Chris Monahan is the Director of the Research and Planning Branch, Strategic Policy and Programs Division at MTCU. In his current position, Chris has been responsible for a number of key postsecondary education files, including capacity planning, tuition policy, enrolment demand forecasting, labour market and research strategies, and the extension of the use of the Ontario Education Number. He has worked at the Ministry since 2005, and previously held positions at the Ministry of Economic Development and Trade as Director of the Business Cluster Policy Secretariat and in the Fiscal Planning Branch at the Ministry of Finance. Through an executive exchange, Chris also had a temporary assignment as Executive Director, Office of the Principal at Queen’s University at Kingston. Chris is a graduate of the University of Toronto and Yale University.
Lucia Padure is currently the Research Coordinator at the Ministry of Training, Colleges and Universities (MTCU) with the Research and Planning Branch, Strategic Policy and Programs Division. Previously she acted as a Senior Policy Advisor in the same division in the Strategic Program Initiatives Branch. She received her PhD from the Ontario Institute of Studies in Education at University of Toronto (2009) and her Master of Public Administration from Kennedy School of Government at Harvard University (2003). Lucia’s research interests include higher education policy, differentiation, quality assurance and comparative education.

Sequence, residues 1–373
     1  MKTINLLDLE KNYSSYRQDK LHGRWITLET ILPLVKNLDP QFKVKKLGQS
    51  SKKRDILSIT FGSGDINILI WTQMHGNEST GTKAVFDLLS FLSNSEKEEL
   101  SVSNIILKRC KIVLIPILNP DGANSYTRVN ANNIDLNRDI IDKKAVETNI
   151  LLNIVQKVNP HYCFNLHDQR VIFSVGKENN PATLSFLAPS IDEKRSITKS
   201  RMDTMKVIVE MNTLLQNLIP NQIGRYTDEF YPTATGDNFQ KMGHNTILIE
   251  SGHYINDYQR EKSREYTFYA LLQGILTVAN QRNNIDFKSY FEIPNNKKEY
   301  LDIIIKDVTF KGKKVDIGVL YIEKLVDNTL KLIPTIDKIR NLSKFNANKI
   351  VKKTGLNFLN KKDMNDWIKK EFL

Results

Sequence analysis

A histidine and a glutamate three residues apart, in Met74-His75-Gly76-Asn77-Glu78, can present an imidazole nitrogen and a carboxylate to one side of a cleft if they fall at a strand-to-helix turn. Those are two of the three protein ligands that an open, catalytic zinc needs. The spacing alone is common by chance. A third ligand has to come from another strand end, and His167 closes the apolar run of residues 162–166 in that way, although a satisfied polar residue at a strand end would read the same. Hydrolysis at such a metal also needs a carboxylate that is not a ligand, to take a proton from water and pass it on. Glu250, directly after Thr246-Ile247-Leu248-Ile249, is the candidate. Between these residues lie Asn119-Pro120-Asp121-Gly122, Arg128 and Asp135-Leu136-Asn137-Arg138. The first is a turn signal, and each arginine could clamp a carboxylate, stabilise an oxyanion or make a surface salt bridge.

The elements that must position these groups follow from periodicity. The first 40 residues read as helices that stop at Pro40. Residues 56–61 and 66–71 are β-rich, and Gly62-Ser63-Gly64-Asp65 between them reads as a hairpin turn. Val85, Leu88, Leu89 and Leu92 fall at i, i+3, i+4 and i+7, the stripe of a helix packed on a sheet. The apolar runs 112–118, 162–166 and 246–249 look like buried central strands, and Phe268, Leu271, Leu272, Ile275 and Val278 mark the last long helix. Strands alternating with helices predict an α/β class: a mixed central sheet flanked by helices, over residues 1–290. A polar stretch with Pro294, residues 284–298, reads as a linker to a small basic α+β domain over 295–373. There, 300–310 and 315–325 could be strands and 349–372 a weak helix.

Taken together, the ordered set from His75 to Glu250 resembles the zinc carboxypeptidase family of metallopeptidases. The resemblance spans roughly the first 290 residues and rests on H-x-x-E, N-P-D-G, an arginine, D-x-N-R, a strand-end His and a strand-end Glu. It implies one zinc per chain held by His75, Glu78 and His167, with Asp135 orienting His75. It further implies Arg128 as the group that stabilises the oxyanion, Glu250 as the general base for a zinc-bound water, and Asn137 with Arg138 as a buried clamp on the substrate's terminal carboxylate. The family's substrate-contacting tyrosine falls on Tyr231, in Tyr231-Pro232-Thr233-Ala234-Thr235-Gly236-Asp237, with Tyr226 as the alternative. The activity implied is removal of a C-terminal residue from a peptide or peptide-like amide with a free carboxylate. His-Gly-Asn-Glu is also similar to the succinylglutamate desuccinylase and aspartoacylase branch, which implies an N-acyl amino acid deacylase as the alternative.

Abigail Payne is a Professor of Economics at McMaster University and Director of the Public Economics Data Analysis Laboratory (PEDAL). Dr. Payne’s current research in the area of the economics of education includes understanding the decision to attend PSE, understanding gender gaps in educational performance, and the determinants of successful transitions from high school to university. Dr. Payne received her PhD from Princeton University, a Juris Doctor from Cornell University and a BA from Denison University. She has published in the American Economic Review, Journal of Public Economics, Journal of Law and Economics, and other journals. Abigail Paine is currently an associate editor on the Economic Journal, an International Fellow with the Centre for Market and Public Organisation at the University of Bristol (UK), is a member of the CESifo Research Network (Germany), and is serving on the executive council of the Canadian Economics Association.